CNN employees have done solid reporting in recent months on the background of Republican Senate candidate Roy Moore, who has claimed that “homosexual conduct” should be illegal and that Muslims shouldn’t be allowed to serve in Congress and in the military. During the same time, two CNN commentators have endorsed Moore’s campaign and told followers the country needs him in the U.S. Senate.
Moore is a twice-removed Alabama Supreme Court judge and conservative pundit who is running against Democrat Doug Jones in the state’s December special election. Moore has a problematic history on LGBTQ rights, religion, and environmentalism, among other issues.
Moore’s campaign website lists numerous endorsements from politicians, far-right extremists, and members of the media, including Fox’s Sean Hannity, radio host Mark Levin, and Breitbart’s Steve Bannon. CNN legal commentator Ken Cuccinelli and CNN political contributor Ed Martin have also endorsed Moore’s campaign.
Both Republican commentators have anti-gay histories. Cuccinelli supported anti-LGBTQ policies as Virginia’s attorney general and said, “When you look at the homosexual agenda, I cannot support something that I believe brings nothing but self-destruction, not only physically but of their soul.” Martin heads the organizations Eagle Forum Education & Legal Defense Fund and the Phyllis Schlafly Eagles, which have fought against rights for LGBTQ people.
Cuccinelli also heads the Senate Conservatives Fund, a political action committee that is backing Moore. Cuccinelli stated in early September that he and his group “are proud to support him and we look forward to working with the grassroots to help him win this important race.” Martin endorsed Moore in early September -- prior to joining CNN -- stating, “I believe in him and in his fighting spirit. We need him in the U.S. Senate.”
CNN journalists, especially the network’s KFile investigation team, have doggedly reported on Moore’s extremism. CNN has reported, among other things, that:
- Moore said “in a 2005 interview that he believes ‘homosexual conduct’ should be illegal.”
- His Facebook “page shared inflammatory memes” and an “article praising Russia's anti-gay laws.”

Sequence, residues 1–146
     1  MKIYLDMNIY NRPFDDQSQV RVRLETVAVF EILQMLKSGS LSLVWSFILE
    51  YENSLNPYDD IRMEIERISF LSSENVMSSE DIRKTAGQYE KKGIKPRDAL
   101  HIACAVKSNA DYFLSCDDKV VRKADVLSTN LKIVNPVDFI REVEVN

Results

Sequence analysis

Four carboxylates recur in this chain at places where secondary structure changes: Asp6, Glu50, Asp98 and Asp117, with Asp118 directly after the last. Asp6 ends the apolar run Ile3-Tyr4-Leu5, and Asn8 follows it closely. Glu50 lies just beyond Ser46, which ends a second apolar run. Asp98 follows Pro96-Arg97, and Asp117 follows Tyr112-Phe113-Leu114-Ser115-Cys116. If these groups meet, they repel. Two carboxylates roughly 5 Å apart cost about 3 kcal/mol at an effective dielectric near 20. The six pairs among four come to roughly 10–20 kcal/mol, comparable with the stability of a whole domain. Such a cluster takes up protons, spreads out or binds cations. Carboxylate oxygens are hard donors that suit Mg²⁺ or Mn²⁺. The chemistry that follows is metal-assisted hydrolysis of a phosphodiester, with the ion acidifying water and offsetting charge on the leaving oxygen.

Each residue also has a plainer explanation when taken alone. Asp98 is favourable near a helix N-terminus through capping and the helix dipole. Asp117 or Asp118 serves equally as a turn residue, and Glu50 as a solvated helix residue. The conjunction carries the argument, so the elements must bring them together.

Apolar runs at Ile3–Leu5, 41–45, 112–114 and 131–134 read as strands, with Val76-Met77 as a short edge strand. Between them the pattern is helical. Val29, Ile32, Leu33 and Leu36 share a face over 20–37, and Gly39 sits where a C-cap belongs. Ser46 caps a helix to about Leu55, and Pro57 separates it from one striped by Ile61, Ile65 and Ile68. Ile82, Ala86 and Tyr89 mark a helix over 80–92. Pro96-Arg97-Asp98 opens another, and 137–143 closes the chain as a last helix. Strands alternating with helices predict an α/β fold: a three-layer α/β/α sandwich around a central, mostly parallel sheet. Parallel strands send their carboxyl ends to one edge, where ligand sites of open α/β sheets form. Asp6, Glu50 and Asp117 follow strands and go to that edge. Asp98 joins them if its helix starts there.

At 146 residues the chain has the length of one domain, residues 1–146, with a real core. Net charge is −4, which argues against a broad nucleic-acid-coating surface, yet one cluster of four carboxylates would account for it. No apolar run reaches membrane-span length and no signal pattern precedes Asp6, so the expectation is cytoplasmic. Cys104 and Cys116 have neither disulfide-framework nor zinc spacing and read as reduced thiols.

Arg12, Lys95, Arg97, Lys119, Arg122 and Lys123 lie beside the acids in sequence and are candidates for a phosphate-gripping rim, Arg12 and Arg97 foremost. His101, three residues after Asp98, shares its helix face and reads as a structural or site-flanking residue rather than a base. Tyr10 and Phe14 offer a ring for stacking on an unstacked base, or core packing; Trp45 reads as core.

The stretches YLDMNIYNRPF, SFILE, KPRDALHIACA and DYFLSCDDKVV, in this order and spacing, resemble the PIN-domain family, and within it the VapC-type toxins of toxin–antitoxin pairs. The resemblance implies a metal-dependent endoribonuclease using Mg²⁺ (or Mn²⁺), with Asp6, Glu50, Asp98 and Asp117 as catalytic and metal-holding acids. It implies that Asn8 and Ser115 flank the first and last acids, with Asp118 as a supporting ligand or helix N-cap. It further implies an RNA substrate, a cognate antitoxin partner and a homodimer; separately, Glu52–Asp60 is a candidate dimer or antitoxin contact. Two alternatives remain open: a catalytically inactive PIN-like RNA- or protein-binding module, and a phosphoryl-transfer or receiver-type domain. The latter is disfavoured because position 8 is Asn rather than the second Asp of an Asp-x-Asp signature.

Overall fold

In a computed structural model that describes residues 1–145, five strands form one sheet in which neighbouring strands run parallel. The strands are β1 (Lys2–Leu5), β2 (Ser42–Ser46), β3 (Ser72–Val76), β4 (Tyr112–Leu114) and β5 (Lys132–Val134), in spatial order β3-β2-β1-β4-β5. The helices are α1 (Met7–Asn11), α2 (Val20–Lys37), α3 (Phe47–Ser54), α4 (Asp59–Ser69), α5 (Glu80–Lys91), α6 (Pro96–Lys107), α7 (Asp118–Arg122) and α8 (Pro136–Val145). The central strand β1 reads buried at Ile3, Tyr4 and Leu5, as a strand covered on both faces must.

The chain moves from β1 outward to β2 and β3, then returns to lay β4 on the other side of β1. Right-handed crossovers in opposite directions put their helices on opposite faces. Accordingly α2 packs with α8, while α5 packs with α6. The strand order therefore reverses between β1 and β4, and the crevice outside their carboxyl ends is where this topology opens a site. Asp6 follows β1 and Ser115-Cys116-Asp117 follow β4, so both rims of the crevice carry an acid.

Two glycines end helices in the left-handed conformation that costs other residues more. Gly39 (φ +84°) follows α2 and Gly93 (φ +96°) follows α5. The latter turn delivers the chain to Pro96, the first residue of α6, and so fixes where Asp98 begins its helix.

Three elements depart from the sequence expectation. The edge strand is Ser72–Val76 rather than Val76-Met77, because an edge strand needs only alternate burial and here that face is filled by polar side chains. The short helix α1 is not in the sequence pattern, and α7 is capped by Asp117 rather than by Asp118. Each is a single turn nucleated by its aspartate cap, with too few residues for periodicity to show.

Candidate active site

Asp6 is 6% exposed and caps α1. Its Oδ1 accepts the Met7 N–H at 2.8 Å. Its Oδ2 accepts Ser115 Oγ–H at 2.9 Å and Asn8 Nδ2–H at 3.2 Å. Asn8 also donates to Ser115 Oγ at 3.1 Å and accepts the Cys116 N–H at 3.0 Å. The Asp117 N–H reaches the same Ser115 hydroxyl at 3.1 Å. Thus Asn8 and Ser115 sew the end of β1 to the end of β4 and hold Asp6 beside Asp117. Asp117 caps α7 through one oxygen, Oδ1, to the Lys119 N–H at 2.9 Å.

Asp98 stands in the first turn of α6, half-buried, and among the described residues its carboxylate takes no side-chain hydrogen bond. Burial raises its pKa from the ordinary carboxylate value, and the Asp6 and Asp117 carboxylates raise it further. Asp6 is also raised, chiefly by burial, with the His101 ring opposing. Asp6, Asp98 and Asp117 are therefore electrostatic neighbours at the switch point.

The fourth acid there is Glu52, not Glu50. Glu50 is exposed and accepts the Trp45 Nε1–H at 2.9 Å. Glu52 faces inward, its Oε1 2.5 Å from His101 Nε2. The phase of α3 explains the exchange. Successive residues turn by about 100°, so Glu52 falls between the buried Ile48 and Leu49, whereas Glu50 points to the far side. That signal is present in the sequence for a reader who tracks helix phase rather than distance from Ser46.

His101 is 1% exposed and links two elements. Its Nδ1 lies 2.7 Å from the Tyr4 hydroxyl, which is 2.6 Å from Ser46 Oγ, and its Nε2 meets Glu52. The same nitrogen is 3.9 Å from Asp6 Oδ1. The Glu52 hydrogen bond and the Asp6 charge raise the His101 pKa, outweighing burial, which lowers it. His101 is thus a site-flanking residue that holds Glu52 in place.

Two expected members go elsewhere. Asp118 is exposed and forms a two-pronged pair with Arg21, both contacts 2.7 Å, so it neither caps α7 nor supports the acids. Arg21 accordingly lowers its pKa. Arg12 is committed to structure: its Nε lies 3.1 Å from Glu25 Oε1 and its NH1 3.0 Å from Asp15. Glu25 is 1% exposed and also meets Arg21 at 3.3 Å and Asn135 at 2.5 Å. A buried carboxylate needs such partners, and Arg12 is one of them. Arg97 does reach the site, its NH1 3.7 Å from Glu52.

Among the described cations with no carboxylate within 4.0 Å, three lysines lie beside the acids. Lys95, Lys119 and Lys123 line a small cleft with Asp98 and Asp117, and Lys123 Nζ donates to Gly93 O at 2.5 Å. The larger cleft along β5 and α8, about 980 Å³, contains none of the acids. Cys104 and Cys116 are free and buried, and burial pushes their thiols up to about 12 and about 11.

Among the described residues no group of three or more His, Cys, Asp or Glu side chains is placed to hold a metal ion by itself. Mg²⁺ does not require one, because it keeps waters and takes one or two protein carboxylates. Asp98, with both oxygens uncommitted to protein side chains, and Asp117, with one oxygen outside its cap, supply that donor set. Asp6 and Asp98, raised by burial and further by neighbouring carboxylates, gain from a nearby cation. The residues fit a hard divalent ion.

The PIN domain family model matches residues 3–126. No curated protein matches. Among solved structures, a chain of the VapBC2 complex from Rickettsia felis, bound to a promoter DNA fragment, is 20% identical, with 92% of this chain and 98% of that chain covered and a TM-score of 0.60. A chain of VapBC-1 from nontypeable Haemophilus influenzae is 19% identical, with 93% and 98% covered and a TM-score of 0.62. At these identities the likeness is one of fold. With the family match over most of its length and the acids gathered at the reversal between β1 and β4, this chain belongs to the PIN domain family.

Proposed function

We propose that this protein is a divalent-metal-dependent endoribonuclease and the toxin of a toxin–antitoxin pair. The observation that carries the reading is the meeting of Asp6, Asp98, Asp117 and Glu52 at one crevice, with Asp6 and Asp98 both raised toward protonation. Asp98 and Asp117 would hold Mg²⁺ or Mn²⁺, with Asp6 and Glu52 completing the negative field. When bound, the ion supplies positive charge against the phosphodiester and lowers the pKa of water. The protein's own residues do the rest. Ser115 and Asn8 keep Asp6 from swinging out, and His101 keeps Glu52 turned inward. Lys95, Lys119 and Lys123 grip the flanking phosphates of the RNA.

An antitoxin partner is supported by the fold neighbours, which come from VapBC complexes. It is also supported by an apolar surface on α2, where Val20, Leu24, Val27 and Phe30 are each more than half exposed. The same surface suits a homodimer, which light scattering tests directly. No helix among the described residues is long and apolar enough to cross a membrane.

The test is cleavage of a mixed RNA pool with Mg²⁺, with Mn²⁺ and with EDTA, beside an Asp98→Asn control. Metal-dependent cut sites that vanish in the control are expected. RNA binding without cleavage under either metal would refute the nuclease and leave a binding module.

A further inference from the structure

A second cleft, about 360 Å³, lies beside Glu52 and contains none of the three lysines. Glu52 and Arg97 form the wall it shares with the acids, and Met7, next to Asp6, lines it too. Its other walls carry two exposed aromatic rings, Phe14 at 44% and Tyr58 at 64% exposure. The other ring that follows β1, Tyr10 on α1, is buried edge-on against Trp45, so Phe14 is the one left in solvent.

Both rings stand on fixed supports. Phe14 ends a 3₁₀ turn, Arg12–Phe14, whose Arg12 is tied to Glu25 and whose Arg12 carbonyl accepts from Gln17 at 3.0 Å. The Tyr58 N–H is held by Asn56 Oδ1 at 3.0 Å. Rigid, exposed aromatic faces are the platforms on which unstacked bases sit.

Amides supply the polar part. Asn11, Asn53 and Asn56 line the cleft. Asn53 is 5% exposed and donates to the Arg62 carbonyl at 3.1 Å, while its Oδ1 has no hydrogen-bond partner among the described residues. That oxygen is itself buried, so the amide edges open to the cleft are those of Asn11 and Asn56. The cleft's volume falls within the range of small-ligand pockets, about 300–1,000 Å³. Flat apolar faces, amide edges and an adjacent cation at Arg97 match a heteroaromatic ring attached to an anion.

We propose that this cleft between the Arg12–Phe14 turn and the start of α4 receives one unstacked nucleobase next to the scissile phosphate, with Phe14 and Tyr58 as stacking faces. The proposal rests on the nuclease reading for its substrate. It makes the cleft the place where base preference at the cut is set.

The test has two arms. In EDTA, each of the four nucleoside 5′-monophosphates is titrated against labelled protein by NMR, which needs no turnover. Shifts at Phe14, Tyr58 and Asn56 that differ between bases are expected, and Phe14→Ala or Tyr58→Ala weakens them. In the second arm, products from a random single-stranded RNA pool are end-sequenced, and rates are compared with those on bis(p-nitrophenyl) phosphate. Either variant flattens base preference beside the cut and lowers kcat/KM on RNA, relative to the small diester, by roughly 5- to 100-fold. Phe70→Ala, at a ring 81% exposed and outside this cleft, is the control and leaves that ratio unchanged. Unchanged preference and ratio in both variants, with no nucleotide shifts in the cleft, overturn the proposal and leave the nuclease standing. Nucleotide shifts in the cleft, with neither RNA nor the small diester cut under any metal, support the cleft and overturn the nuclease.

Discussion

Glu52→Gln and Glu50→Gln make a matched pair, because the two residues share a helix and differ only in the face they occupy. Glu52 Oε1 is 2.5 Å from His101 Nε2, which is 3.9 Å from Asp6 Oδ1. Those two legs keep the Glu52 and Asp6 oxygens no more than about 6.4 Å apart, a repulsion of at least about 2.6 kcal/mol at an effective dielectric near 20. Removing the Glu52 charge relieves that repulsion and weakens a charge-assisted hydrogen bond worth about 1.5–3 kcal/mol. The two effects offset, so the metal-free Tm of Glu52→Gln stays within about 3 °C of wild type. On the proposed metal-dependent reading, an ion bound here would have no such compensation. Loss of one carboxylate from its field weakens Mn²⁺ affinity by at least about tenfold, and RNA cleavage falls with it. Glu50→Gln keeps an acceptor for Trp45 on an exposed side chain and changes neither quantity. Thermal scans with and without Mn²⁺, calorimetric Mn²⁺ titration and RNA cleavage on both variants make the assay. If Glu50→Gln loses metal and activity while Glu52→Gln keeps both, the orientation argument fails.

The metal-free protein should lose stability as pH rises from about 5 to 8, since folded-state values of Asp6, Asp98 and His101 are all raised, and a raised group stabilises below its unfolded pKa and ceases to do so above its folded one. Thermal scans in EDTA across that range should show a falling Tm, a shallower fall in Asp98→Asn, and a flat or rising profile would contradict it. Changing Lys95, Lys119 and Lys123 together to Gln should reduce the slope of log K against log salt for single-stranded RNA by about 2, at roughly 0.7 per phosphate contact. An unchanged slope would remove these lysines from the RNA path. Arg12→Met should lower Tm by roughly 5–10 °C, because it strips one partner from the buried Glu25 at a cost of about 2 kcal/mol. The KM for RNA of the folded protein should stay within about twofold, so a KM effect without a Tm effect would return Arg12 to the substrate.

- Moore suggested this year while speaking at a church “that the September 11, 2001, terrorist attacks might have happened because the US had distanced itself from God. ... Later in the same speech, Moore suggested God was upset at the United States because ‘we legitimize sodomy’ and ‘legitimize abortion.’”
- Moore “repeatedly” appeared on the radio with a “pastor who preaches [that the] penalty for homosexuality is death.”
- Moore said of Islam in 2009: “Only thing I know that the Islamic faith has done in this country is 9/11.” He additionally claimed, as CNN wrote, that “Keith Ellison, a Minnesota Democrat and the first Muslim ever elected to Congress, shouldn't be allowed to take office. He has also warned that Muslims shouldn't serve in the military.”
- In 2009 and 2010, pro-Confederate activists held a “Secession Day” event at Moore’s foundation.
Media Matters has documented President Donald Trump and his Republican allies’ constant attempts to undermine the legitimacy of CNN by, among other things, calling it “fake news.” (Ed Martin himself has called CNN “fake news.”) At the same time, CNN employs at least a dozen pro-Trump commentators.
Media observers, including Media Matters, have noted that CNN’s use of these explicitly partisan commentators has undercut the work of its journalists and turned the network into a sideshow. As Vox correspondent and former Media Matters research fellow Carlos Maza noted, “CNN’s Trump supporters derail segments critical of the president, misrepresent Trump’s positions to avoid tough questions, and peddle false and misleading information on national TV while being paid by the network. In many cases, CNN’s Trump supporters repeat the same lies and talking points that CNN’s serious journalists spend all day trying to debunk.” That sideshow is now in Alabama with the contributors' endorsements of one of the most extreme and anti-gay politicians in the country.